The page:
Finding a home for a toy-sized dog or puppy used to be an easy task at the Jefferson Parish animal shelter.
“Two years ago, there would be people fighting in the parking lot to adopt a small dog,” said Michelle Brignac, the shelter’s director.
But now, the shelter can barely get them out the door. And a room that Brignac said was “very rarely full” is teeming with dozens of yappy, petite canines.
It’s one marker of a slowdown in pet adoptions that has shelters across Louisiana filled to their brim and officials begging the public to open their homes to animals in need.
The Jefferson Parish shelter is taking in 70 to 100 animals each week, but seeing only about eight per week adopted, Brignac said. It’s an unsustainable equation, and if adoptions don’t pick up, Brignac said the shelter might have to turn to euthanasia to make space; at the moment, the shelter puts down only the animals that are aggressive or ill.
At the beginning of June, the shelter stopped letting owners surrender their pets, to maintain shelter space for stray.
“We’re barely treading water,” Brignac said. “We’re emptying the ocean with a spoon.”
Making matters worse, Hurricane Ida wiped out the parish’s east bank shelter, in Elmwood, with flooding that caused hundreds of thousands of dollars in damage and rendered the site unusable. A new “animal eutopia” was already in the works for the east bank, but it won’t be operational for at least another 2½ years, Brignac said.
To make ends meet, the Jefferson Protection & Animal Welfare Services government agency set up a temporary intake site in Fat City. But it closed after its windows were smashed in an apparent act of vandalism.
That’s left the government’s west bank shelter, in Harvey, as the only public option. It can hold about 250 large dogs. It currently has about 208, Brignac said, and most of those are “bully breeds,” such as pitbull mixes, which some homeowners’ associations and apartment complexes don’t allow.
Even if the east bank shelter was operational, the agency wouldn’t have enough employees to staff it adequately, Brignac said. The shelter has parish funding for 57 positions, but only 30 are filled. Nobody’s applying for the open jobs, Brignac said.
The staff shortage means it takes longer for the shelter to clean kennels, and less time for dogs to run around outside. Brignac said dogs get only eight minutes a day outside on average).
Jefferson Parish is supposed to have nine humane officers to investigate dog attacks, rescue sick animals and look into allegations of animal cruelty. But only two positions filled.
“It’s almost like we’re facing the perfect storm – after the storm,” Brignac said.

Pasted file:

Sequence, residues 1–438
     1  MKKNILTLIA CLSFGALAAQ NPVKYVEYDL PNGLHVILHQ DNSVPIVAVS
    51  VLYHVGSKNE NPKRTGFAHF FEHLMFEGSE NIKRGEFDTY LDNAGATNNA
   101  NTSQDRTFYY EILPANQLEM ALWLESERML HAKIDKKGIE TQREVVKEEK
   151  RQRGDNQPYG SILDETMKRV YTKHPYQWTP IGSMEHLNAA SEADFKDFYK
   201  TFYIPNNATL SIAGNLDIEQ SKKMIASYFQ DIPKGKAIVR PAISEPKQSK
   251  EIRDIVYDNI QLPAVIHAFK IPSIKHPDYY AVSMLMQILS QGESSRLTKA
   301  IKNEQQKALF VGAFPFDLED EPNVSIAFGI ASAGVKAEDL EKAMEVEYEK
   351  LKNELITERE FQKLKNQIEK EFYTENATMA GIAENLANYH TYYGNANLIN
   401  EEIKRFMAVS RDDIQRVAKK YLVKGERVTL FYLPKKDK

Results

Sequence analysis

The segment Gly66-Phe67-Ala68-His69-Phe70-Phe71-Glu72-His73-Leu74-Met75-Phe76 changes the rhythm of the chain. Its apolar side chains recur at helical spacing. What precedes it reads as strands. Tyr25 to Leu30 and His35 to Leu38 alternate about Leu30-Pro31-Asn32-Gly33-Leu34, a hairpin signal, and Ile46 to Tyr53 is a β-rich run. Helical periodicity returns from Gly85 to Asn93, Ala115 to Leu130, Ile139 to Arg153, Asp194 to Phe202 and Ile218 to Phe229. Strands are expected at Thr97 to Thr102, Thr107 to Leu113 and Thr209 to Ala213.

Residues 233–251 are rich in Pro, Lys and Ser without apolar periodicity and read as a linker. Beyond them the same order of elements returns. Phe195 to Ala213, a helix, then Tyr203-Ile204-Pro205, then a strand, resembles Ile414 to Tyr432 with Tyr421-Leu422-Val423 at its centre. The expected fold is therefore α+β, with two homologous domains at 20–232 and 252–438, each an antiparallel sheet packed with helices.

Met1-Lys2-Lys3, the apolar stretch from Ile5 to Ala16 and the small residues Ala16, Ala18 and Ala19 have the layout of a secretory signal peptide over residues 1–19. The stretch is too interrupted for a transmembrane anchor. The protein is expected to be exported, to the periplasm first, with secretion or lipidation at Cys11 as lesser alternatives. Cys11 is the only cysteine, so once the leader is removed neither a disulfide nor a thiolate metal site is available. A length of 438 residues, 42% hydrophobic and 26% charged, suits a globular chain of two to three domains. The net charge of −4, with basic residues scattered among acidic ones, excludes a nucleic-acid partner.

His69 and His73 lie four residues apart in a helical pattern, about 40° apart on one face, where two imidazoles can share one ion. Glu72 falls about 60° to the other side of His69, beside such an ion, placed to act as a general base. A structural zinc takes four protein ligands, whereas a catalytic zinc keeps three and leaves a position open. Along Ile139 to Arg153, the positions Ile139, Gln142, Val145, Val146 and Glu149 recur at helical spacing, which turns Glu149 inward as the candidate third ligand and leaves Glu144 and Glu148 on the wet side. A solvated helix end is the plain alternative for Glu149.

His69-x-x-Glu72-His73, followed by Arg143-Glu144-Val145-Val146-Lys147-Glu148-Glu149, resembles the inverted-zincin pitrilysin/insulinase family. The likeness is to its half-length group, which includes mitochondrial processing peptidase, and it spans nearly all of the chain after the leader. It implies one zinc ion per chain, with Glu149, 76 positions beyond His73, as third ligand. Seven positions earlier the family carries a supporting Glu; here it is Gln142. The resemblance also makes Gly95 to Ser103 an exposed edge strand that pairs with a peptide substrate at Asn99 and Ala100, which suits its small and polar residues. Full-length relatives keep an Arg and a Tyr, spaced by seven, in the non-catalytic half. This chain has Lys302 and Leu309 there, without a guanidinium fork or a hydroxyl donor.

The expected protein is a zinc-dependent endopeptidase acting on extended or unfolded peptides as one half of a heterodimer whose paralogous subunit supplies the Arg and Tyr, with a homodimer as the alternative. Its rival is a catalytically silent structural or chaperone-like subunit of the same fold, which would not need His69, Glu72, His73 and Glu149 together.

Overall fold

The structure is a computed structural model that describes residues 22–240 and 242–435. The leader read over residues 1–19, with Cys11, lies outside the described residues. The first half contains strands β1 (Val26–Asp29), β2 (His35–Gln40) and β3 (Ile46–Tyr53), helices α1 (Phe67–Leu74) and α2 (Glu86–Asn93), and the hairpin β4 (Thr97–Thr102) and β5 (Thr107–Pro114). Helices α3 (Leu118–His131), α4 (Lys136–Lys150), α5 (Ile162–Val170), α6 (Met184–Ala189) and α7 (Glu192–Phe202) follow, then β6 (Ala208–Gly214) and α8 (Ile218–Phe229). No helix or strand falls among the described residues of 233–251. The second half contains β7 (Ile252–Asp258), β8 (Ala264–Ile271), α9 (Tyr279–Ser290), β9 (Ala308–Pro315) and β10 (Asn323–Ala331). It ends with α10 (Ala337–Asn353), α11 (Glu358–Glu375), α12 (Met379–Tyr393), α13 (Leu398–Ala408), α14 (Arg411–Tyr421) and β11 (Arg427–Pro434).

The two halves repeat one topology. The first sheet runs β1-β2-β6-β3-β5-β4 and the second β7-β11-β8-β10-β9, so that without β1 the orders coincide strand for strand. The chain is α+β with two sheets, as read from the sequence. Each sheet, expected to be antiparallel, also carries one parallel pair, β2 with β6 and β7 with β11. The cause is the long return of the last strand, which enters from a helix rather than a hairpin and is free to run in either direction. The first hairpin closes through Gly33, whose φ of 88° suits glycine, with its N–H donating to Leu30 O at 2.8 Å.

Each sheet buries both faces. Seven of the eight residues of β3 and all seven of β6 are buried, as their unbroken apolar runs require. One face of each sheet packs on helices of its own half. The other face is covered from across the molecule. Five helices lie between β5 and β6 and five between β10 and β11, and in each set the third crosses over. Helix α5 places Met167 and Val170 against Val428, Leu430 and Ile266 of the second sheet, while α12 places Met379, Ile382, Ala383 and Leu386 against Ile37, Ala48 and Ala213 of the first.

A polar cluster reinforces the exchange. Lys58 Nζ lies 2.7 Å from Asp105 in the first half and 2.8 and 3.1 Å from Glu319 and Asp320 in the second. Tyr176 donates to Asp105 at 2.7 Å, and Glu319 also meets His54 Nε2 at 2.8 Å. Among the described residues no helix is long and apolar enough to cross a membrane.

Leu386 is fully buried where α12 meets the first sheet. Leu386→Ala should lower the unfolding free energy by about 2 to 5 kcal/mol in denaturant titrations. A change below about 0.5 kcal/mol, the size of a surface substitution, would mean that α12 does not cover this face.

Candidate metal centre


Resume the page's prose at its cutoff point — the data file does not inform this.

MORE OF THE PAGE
Working at a shelter is emotionally, physically and mentally exhausting, Brignac said. And it’s oftentimes dirty. Brignac joked that some of their canines are like “poo-casso.”
But the work can also be rewarding, especially when an animal finds a home. “We see the best of mankind, and the worst,” Brignac said.
The struggles aren’t unique to Jefferson Parish.
St. Tammany also stretched thin
“We’re filled to the brim,” said Michael Vinsanau, a St. Tammany Parish government administration spokesperson. “We’re taking in more animals, and [fewer] animals are going out.”
Some of those animals were adopted during the height of the COVID-19 pandemic – and are now being brought back by their owners – Vinsanau said. He attributes the returns to rising inflation.
St. Tammany’s shelter used to send 10 to 20 animals a week to shelters in the Northeast, which historically have more room. But that’s slowed as those shelters there have filled.
Pleas on Facebook
The St. Tammany shelter doesn’t euthanize animals for space, and Vinsanau said staffers will do “everything in our power plus some to not get to that point.”
In recent weeks, shelter staff have turned to Facebook to plead with the public to adopt or foster animals.
For those interested in fostering an animal for a few days, which frees up space at the shelter, the Jefferson Parish agency provides the food, toys and blankets necessary, Brignac said.
And it’s always looking for volunteers to help pick up the slack.
“I didn’t realize there was such a giant need,” said Sarah Goodwin, who was volunteering on a recent day with her 13-year-old daughter, Maddie.
Brignac, who took over as director of the Jefferson agency three years ago, is chipping in herself, cleaning kennels, instead of camping out in her office. Her staff recently got her shirt that reads “director of chaos.”
“As long as I’m here, I’m not going to let the ship sink,” she said.